|Index||3 reviews in total|
*** This review may contain spoilers ***
Lash and Fuzzy are put on the trail of counterfeiters running five
dollar notes over the border by bad guys. Complicating matters is the
fact that Lash is constantly being mistaken for one of the bad guys
known as the Frontier Phantom.
While the film has plenty of action it kind of suffers in one key area, namely the film is about 10 to 20 minutes longer than a good many of Lash La Rue's other films. I wouldn't mind except that there doesn't seem to be a reason for it except to squeeze in lots of chases and horse riding. While the pleasure of the La Rue films is the non-stop action, I don't count horse riding as action
Worth a look if you see it as part of a collection, but on its own there are better La Rue films.
Lash has a way of shooting from the hip. No aiming at the villains, just firing away at hip level. Amazing! His buddy " Fuzzy " is just great as the side kick - a character actor who really understood how to play second fiddle and yet be remembered as a character. Lots of fist fights and hard riding - light weight stuff but thoroughly enjoyable. Still have to chuckle at the shooting from the hip style - surprisingly accurate. He also has a pretty sharp horse - not as good as Tom Mix's " Tony " but good for standing on it's hind legs and riding hard. I remember Lash from the 1950's on TV but I'm not sure if it was from a TV series or old movie reruns. It was just fun to watch a couple of his old films again. Lash, by the way, is pressed pretty hard by Fuzzy - who is one of those thoroughly remember-able characters. It's like our current sitcoms - fun to watch - but not a good idea to attach current social values to - times and social values have changed. Hang loose and enjoy.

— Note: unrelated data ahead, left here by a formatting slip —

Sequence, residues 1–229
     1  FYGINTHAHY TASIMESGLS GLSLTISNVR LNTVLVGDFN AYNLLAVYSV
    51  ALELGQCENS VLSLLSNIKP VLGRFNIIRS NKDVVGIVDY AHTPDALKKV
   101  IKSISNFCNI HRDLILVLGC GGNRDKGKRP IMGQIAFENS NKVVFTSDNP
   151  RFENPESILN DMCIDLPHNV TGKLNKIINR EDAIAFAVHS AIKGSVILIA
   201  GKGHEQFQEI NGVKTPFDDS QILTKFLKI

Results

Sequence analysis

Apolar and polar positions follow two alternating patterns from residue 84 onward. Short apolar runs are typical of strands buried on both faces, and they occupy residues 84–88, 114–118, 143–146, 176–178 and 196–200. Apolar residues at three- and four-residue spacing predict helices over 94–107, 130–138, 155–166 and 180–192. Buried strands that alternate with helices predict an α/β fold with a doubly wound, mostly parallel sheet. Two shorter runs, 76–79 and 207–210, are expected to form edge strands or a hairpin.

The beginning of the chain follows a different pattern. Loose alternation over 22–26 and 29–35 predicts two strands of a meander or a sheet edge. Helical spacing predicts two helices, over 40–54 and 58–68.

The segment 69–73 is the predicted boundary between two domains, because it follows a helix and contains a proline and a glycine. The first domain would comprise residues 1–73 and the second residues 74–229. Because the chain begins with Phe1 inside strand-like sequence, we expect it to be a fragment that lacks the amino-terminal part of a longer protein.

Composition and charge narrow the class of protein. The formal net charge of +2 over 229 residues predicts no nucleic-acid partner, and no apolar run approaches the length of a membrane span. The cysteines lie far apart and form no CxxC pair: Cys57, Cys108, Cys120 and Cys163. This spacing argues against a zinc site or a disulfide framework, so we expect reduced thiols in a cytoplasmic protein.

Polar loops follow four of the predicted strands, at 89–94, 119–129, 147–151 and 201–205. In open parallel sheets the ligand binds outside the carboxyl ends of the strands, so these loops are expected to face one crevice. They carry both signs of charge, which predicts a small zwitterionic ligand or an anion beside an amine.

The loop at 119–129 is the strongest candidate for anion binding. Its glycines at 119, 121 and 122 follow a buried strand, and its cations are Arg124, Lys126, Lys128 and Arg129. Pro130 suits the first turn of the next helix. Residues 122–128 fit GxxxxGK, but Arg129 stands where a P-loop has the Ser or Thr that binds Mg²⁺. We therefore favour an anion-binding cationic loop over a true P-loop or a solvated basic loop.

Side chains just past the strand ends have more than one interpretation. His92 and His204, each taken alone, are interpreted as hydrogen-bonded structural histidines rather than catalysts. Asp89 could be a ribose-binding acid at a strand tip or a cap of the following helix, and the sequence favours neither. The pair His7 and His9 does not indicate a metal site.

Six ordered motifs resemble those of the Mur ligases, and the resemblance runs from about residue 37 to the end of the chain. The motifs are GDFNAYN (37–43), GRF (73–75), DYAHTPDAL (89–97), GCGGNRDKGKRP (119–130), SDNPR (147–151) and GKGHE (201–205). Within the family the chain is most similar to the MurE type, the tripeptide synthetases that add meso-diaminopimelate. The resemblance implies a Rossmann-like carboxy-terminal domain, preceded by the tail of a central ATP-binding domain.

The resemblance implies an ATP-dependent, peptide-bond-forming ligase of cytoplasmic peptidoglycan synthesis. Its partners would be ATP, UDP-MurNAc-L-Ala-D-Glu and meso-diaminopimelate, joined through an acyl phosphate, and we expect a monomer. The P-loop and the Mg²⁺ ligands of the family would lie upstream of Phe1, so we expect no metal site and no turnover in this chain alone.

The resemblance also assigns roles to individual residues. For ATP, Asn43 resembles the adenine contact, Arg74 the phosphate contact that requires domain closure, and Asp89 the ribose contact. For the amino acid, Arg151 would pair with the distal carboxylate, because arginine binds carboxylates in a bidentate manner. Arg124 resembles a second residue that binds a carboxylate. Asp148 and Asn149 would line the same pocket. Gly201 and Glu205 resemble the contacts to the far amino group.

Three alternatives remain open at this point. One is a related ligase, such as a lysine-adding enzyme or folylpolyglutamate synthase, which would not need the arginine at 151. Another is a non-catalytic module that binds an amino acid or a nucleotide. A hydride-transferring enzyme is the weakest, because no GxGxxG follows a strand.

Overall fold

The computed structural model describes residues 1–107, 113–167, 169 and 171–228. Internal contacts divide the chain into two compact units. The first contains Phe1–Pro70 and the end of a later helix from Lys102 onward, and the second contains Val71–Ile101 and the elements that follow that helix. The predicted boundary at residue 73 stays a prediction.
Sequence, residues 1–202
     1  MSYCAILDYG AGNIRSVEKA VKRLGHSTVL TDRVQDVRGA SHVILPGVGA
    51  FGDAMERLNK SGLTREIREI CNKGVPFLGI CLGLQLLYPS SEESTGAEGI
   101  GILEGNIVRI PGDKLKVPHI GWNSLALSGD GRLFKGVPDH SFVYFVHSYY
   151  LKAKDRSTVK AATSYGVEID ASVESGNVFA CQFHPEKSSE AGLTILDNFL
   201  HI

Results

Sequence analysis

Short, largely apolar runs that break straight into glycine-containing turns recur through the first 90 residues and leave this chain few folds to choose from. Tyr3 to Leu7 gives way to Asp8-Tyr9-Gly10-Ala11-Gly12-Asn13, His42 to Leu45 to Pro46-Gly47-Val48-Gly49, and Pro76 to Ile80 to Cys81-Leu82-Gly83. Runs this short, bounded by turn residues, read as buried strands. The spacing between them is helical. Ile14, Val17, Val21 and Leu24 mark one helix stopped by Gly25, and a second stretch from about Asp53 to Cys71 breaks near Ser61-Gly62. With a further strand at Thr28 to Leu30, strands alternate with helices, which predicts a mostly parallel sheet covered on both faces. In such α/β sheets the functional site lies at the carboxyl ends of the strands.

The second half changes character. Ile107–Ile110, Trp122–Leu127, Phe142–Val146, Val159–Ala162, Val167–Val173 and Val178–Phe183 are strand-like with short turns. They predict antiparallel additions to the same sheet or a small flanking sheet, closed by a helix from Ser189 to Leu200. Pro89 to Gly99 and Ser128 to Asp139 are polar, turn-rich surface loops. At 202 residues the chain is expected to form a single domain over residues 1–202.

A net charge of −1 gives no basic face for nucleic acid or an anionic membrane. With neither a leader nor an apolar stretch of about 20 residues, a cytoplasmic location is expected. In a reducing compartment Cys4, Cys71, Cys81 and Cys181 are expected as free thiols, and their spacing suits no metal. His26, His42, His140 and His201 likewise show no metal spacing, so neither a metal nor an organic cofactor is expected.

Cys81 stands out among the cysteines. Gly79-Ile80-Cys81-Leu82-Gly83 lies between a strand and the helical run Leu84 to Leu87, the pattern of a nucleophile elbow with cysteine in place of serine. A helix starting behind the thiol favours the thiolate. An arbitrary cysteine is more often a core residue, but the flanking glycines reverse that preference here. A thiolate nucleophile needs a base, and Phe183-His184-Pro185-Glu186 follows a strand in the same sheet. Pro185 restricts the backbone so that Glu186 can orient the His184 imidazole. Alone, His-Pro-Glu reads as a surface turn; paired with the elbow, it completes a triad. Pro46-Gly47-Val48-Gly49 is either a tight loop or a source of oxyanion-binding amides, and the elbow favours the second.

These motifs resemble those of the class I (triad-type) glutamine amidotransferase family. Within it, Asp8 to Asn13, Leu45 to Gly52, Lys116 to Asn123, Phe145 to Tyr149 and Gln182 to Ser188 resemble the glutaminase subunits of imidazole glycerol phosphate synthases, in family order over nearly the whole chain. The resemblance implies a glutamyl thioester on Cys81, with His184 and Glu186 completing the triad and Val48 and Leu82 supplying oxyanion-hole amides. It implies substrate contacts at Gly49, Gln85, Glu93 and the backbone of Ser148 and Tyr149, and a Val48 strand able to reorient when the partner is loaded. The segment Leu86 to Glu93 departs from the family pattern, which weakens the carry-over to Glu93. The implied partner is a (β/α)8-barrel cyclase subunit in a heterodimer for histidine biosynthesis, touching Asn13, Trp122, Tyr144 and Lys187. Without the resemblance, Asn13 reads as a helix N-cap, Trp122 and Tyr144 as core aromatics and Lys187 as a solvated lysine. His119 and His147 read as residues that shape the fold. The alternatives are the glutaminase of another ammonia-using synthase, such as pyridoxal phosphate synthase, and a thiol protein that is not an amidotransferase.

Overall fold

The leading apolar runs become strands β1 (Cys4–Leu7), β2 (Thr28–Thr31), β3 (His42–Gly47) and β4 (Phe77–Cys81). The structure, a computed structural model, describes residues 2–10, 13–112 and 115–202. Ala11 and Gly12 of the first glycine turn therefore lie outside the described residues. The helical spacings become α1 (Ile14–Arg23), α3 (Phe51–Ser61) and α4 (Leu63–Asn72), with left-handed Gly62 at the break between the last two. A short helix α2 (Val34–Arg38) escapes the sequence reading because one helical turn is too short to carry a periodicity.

The plot of OUTLAW COUNTRY has similarities to that of SANTE FE SADDLEMATES,made by Republic four years earlier starring Sunset Carson.Both men are law officers who are assigned to infiltrate the outlaw gang but first have to prove their worthiness by beating three of the governor's best men. In this respect, Sunset does a much better job than Lash in tromping the competition. Lash is looking for counterfeiters and Sunset is looking for diamond smugglers. Both join the respective gangs: Sunset taking the alias of a known outlaw who finally shows up to challenge his title. Lash meets his outlaw twin brother, the Frontier Phantom (who uses a shotgun and wears an ammunition vest. Lash convinces his brother to switch sides and help him. Lash and his brother change clothes to deceive the outlaws and in the final gun battle, the Frontier Phantom redeems himself and is allowed to go free. Footage from OUTLAW COUNTRY was later used to make a new film, THE FRONTIER PHANTOM (1952). The dual role character also appeared in the LASH LARUE Fawcett comic books. While producer Ron Ormond was known for his extensive use of stock footage in the LaRue westerns, this was perhaps the first time he had ever borrowed so liberally from the plot of another studio's western.
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